Is only open in WMUs 5R, 5S, 5T and 6R where the season closes November 14

See the Turkey Hunting web page for more information on rules, regulations, safety and hunting tips.

Small Game

  • Crow: September 1 thru March 31 (Friday thru Monday only)
  • Snipe, Rail & Gallinules: September 1 thru November 9
  • Gray, Black & Fox Squirrel: September 1 thru February 28
  • Ruffed Grouse: September 20 thru February 28, except in WMUs 5R, 5S, 5T and 6R where the season doesn't open until October 1
  • Woodcock: October 1 thru November 14
  • Cottontail Rabbit: October 1 thru March 15, except in WMUs 5R, 5S, 5T and 6R where the season closes February 28
  • Varying Hare: October 1 thru March 15, except in WMUs 5R, 5S, 5T and 6R where the season is December 8 thru February 28
  • Pheasant Hunting: October 1 thru February 28 (Youth Hunt is September 27 & 28) See press release and List of Pheasant Release Sites
  • Bobcat: October 25 thru February 15, except in WMUs 5R & 6R where the season closes November 14 and a free bobcat harvest expansion area permit is required

See Small Game web page for more information on seasons and regulations.

Waterfowl

Northeastern Zone
  • Ducks, Coot, Mergansers and Sea Ducks: November 1 thru December 14
  • Snow Geese: October 1 thru April 15 (Special regulation for Snow Geese)
  • Brant: October 4 thru November 2
Lake Champlain Zone
  • Ducks, Coot, Mergansers and Sea Ducks: October 25 thru December 18
  • Snow Geese: October 1 thru December 29; January 16 thru April 15 (Special regulation for Snow Geese)
  • Brant: October 8 thru November 6
Southeastern Zone
  • Ducks, Coot, Mergansers and Sea Ducks: November 8 thru December 28
  • Snow Geese: October 1 thru April 15 (Special regulation for Snow Geese)
  • Brant: October 11 thru November 9

Waterfowl Seasons and Information provides more information on waterfowl hunting with links to other informative waterfowl hunting web pages. Check to know what Waterfowl Hunting Zone you plan to hunt and the open seasons in that waterfowl zone.

Canada Geese

Northeast Hunting Area
  • October 25 thru November 16
  • November 18 thru December 14
Lake Champlain Hunting Area
  • October 10 thru November 28
Hudson Valley Hunting Area
  • October 25 thru November 14
  • November 29 thru December 27
East Central Hunting Area
  • October 25 thru November 14
  • November 22 thru December 20

Furbearer Trapping

  • Fisher: October 25 thru December 10
  • Marten: October 25 thru December 10 (WMUs 5C, 5F, 5G, 5H, 5J, 6F & 6J only)
  • Raccoon, Red Fox, Gray Fox, Skunk, Coyote, Opossum & Weasel: October 25 thru February 15 (Body gripping traps set on land may not be set with bait or lure beginning December 11, except in WMUs 5R, 5S, 5T & 6R)
  • Bobcat: October 25 thru February 15, except in WMUs 5R & 6R where the season closes November 14 and a free bobcat harvest expansion area permit is required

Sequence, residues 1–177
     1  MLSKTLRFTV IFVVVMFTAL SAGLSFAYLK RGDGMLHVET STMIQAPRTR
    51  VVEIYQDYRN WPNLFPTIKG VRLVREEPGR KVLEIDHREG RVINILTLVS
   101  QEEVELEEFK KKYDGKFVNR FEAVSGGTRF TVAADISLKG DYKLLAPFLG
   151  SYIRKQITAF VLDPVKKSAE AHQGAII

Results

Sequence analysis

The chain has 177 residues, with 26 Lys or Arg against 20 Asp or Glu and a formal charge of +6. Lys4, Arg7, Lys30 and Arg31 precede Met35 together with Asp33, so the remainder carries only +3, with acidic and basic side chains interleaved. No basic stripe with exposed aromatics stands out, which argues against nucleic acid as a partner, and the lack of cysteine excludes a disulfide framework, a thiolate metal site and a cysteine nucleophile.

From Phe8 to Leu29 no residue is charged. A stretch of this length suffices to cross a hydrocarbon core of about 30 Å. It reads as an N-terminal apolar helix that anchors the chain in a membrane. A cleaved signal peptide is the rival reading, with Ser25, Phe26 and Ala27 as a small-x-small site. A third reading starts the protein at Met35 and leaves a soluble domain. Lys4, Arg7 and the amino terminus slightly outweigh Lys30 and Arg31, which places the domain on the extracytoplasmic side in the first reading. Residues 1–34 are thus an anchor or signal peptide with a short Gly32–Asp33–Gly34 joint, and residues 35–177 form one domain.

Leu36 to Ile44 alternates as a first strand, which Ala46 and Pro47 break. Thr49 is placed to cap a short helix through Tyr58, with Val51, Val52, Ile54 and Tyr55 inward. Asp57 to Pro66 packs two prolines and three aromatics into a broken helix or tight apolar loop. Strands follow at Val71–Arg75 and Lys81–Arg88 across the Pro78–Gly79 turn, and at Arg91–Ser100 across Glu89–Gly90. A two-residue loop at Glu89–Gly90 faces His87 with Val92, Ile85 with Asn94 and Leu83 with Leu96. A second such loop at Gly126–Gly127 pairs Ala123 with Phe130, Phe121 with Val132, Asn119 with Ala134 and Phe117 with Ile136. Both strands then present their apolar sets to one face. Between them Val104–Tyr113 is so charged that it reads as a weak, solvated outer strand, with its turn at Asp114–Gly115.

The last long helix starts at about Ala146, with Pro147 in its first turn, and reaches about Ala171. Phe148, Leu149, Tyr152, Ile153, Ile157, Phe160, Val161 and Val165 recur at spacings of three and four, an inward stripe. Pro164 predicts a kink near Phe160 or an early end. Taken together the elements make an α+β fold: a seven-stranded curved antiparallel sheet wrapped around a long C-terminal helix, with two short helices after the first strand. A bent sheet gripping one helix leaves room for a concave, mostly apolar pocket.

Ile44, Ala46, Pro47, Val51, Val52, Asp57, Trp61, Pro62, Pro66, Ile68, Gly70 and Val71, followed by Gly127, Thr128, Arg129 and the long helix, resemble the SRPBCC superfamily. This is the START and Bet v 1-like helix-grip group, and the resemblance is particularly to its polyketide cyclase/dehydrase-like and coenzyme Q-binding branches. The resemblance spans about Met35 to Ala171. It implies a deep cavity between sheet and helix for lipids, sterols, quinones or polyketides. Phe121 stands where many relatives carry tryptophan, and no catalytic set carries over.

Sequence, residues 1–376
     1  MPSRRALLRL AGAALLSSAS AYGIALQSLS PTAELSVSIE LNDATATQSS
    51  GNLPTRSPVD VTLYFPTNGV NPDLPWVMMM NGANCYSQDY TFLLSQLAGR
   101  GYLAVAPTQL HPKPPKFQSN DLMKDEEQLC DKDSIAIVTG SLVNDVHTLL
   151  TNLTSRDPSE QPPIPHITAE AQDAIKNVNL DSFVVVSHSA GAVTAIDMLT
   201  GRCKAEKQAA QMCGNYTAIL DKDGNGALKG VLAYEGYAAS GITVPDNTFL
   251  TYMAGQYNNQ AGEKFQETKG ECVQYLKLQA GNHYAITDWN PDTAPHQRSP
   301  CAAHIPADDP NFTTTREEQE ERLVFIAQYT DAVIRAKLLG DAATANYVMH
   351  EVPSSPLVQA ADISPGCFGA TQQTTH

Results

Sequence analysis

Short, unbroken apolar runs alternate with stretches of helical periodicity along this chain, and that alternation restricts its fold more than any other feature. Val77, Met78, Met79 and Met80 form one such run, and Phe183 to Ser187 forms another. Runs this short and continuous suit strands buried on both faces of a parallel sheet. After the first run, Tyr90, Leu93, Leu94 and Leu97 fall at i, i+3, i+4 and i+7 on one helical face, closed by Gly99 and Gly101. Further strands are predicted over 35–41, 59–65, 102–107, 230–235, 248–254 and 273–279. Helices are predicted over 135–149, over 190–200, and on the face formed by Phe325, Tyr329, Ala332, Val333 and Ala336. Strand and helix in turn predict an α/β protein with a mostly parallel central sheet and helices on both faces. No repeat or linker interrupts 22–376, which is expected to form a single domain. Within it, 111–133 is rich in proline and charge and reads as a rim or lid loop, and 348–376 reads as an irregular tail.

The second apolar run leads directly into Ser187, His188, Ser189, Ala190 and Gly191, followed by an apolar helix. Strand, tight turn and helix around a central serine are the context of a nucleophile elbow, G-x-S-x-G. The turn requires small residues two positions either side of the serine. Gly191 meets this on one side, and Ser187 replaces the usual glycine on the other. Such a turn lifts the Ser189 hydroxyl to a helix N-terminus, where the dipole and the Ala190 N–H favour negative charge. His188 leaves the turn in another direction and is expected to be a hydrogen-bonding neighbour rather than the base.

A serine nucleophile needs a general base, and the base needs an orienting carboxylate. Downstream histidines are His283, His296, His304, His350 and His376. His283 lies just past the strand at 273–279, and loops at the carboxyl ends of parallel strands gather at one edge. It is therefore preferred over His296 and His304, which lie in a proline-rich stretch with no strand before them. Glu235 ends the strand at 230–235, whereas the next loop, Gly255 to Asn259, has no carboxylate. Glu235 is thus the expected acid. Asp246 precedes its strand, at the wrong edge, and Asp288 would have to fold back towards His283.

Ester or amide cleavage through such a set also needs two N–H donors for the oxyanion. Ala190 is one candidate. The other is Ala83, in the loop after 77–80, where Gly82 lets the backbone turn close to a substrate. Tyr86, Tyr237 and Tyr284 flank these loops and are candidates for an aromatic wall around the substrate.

• Mink & Muskrat: October 25 thru April 15, except in WMUs 5R, 5S, 5T & 6R where the season is November 10 thru April 7
  • Beaver: November 1 thru April 7, except in WMUs 5R, 5S, 5T & 6R where the season opens November 10
  • River Otter: November 1 thru April 7,except in WMUs 5S & 5T where the season is November 10 thru February 28 and WMUs 5R & 6R where there is no season.

See the New York Hunting & Trapping 2013-14 Official Guide for the current regulations and seasons. Also see the summaries of Trapping Seasons and Trapping Regulations.

Fishing

Fishing Regulations

The current (2013-14) freshwater fishing regulations will extend thru March 31, 2015. New freshwater fishing regulations will take effect April 1, 2015 and a new regulations guide will be available from all license sale vendors at that time. Anglers should continue to refer to the 2013-14 Freshwater Fishing Regulations Guide for the fishing regulations in effect through March 31, 2015.

The New York State Freshwater Fishing Guide provides details on regulation and more. Prior to heading out, anglers should be sure to check the Freshwater Fishing Regulations for the water they plan on fishing. Numerous exceptions to the statewide regulations exist in each DEC region. See Special Regulations by County section for the individual waters that have exceptions to these general regulations.

The number of allowable lines for angling in freshwater in New York State including Lake Champlain has been increased to three.

Black Bass Sale and Distribution Regulation

DEC recently adopted a new regulation that will expand the opportunity for the sale of hatchery reared black bass in New York. The newly adopted regulation explicitly provides for the sale and distribution of hatchery reared largemouth bass for human consumption. Smallmouth bass may not be sold for human consumption. (1/9)